Melatonin: What does it do?
Produced in the pineal gland in the brain, melatonin helps control sleep-wake cycles. Some foods contain melatonin, and it is also available as a pill.
In this article, we will look at melatonin's role in the human body, why people take melatonin pills, along with any side effects and warnings.
Here are some key points about melatonin. More detail and supporting information is in the main article.
- Initially, melatonin was extracted from cow pineal glands.
- Melatonin supplements cause very few side effects, but they can interact with other drugs.
- The primary medical use for melatonin is to treat sleep disorders.
What does melatonin do?
Melatonin has a number of roles in the human body, including regulating sleep.
Of melatonin's many functions, the best understood is the part it plays in maintaining circadian rhythms.
In humans, the circadian "clock" is found within the hypothalamus in an area called the suprachiasmatic nucleus (SCN).
Using the daily cycle of light and dark, the SCN creates and maintains a daily cycle.
Certain hormones are released at specific times of the day. In the late afternoon and early evening, hormones are released that prepare the body for sleep. During the early hours of the morning, the body starts to prepare for waking and activity.
Information regarding light levels reaches the SCN and is then passed to the pineal gland deep in the center of the brain. The pineal gland releases melatonin at night and suppresses its release during daylight.
Even when a human is kept away from all external light sources and time references, the body maintains a natural rhythm of around of 24 hours and 11 minutes.
Other roles of melatonin:
- Melatonin is a potent antioxidant.
- Melatonin can form complexes with metals including cadmium, aluminum, and copper. The importance of this is not yet understood.
- Immune system - melatonin is known to have a role within the immune system, but the exact processes are not yet known. It has an anti-inflammatory action.
- Protective role in neurodegenerative diseases and acute pancreatitis.
- Regulates fat cells.
Receptors for melatonin are present in the brain, cardiovascular system, liver, intestine, and kidneys, so melatonin clearly works across many systems.
Because melatonin appears to have limited side effects, is naturally occurring, and relatively easy to synthesize, it has been tested on a number of medical conditions.
Below are some of the current conditions being investigated for their reaction to melatonin.
A variety of sleep problems have been treated with melatonin with varying success rates.
Children with autism can have abnormal melatonin pathways and lower than normal melatonin levels.
Some studies have shown that melatonin helps improve sleep duration, reduce the time taken to drift off to sleep, and reduce the number of night-time awakenings in these children. However, much of the research has been conducted using self-reported levels of improvement; more investigation in this area needs to be done.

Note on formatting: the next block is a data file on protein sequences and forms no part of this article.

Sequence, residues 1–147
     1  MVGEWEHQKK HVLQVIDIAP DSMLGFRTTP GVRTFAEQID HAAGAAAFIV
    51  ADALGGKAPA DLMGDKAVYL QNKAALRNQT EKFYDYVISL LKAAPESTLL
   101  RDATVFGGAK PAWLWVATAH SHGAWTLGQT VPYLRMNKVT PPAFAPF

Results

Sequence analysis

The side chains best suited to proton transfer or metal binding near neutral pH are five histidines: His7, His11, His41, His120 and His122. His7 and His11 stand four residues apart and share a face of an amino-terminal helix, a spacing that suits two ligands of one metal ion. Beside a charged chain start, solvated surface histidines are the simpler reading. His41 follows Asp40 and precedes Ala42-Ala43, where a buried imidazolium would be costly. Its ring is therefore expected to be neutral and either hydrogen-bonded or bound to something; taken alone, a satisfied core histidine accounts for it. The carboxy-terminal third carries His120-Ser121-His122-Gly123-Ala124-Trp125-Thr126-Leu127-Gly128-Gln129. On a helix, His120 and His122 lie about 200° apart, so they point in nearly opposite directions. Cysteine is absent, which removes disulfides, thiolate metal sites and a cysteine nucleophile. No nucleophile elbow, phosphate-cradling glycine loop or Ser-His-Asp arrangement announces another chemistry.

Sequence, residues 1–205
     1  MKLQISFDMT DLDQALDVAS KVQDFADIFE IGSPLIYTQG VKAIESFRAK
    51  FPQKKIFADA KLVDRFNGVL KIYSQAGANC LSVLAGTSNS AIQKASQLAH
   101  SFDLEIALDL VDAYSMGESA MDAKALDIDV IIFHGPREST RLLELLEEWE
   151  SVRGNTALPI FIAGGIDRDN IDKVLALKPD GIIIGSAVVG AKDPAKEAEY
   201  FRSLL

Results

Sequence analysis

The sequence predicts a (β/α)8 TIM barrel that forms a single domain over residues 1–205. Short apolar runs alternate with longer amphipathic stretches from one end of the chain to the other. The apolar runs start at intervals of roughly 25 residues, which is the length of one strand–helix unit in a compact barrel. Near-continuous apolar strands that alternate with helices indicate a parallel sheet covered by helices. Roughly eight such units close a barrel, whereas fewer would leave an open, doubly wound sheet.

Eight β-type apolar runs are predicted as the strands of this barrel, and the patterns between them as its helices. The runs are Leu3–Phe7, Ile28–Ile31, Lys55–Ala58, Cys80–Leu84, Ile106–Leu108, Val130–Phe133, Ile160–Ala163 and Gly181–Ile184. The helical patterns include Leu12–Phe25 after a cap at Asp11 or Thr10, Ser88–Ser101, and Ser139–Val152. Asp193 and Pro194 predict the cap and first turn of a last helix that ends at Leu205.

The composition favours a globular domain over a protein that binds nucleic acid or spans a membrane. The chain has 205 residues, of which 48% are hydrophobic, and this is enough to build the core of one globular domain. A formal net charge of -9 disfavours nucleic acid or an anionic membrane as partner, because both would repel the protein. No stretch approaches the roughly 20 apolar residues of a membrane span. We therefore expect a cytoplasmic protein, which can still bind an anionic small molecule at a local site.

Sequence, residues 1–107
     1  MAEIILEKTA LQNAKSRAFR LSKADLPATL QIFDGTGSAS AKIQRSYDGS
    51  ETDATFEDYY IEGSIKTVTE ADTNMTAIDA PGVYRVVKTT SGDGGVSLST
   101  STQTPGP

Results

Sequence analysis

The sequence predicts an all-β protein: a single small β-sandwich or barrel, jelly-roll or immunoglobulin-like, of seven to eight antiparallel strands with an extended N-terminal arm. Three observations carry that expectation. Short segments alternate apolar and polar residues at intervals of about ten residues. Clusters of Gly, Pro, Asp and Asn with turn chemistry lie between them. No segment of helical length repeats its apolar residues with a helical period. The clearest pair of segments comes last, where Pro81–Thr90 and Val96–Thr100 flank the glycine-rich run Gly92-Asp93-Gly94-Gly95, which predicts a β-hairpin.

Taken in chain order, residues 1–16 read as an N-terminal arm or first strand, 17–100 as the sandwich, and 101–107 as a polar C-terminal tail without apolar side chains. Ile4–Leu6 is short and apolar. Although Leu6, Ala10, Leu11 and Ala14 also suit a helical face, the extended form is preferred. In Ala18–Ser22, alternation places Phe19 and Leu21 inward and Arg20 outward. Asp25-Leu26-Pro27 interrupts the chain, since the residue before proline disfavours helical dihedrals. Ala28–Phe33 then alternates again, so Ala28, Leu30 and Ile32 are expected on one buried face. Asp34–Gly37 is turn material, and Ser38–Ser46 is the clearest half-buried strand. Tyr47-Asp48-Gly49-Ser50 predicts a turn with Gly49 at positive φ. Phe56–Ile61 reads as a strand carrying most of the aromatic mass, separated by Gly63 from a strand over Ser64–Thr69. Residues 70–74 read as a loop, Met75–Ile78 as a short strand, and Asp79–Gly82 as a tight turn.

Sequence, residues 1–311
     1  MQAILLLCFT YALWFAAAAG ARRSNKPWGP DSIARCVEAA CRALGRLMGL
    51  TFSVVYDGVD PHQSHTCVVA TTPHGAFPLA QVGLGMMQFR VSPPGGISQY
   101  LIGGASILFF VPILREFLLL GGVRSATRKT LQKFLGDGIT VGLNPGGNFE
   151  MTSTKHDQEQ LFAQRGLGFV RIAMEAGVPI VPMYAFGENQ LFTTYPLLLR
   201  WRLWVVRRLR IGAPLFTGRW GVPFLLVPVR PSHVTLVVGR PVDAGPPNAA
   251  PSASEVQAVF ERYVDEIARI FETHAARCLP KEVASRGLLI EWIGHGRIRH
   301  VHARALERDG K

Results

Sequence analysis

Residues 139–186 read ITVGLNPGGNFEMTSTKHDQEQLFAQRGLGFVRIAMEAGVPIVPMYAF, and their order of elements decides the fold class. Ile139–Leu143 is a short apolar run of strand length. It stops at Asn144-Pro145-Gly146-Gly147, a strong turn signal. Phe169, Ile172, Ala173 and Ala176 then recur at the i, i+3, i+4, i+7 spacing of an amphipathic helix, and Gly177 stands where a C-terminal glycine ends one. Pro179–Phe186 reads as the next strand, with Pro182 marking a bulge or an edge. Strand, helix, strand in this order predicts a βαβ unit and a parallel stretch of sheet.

Despite the importance of melatonin in natural sleep cycles, taking melatonin as a supplement without an underlying condition does not seem to improve or extend sleep.
Melatonin has very few side effects. A number of clinical trials have investigated short-term, low-dose, and up to 3-month usage and found no adverse events. However, some side effects have been reported, such as:
Some studies on older adults noted side effects that include:
- restless legs
- skin pigmentation
- thrombosis (blood clots)
Because melatonin may affect the reproductive system, it is not recommended for use among people who wish to become pregnant or breast-feeding mothers.
Melatonin can interact with other medication.
Some individuals should avoid melatonin, these include:
- Patients who are taking medication to lessen bleeding, prevent blood clotting, or to moderate blood pressure are advised to avoid melatonin.
- Melatonin might interfere with blood sugar levels and is therefore not recommended for people with diabetes.
- Melatonin might increase the risk of seizures in people who have a seizure disorder.
- Because melatonin influences the immune system, it is not recommended for people who are taking immunosuppressant drugs, for instance, transplant patients.
- Melatonin may worsen bleeding disorders, such as hemophilia.
- Melatonin may worsen symptoms of depression in some individuals.
- People who are using ACE inhibitors are also recommended to avoid melatonin.
- Melatonin might increase any drowsiness that occurs as a side effect of other drugs, such as benzodiazepines, codeine, alcohol, and barbiturates.
Other than sleep disorders, scientists are looking at other conditions where melatonin might be able to help; these conditions include:
A literature review and meta-analysis carried out in 2005 found that the "substantial reduction in risk of death, low adverse events reported, and low costs related to this intervention suggest great potential for melatonin in treating cancer."
Melatonin levels decrease with age across the population, but this reduction is more pronounced in patients with Alzheimer's disease. Research has shown that melatonin appears to slow the cognitive decline associated with Alzheimer's.
Free radical damage is known to increase the chances of gallstone development. Melatonin's antioxidant properties may be beneficial.
Protection from radioactivity
Much of the damage inflicted by contact with radioactive substances is caused by free radicals. In this respect, melatonin might be useful for patients undergoing radiation therapy or for those who work in high-radiation areas.
Melatonin clearly has many functions within the human body, most of which we are yet to understand. It also seems that melatonin might be useful in the treatment of some illnesses. No doubt, in time, its full potential within the pharmaceutical world will become clear.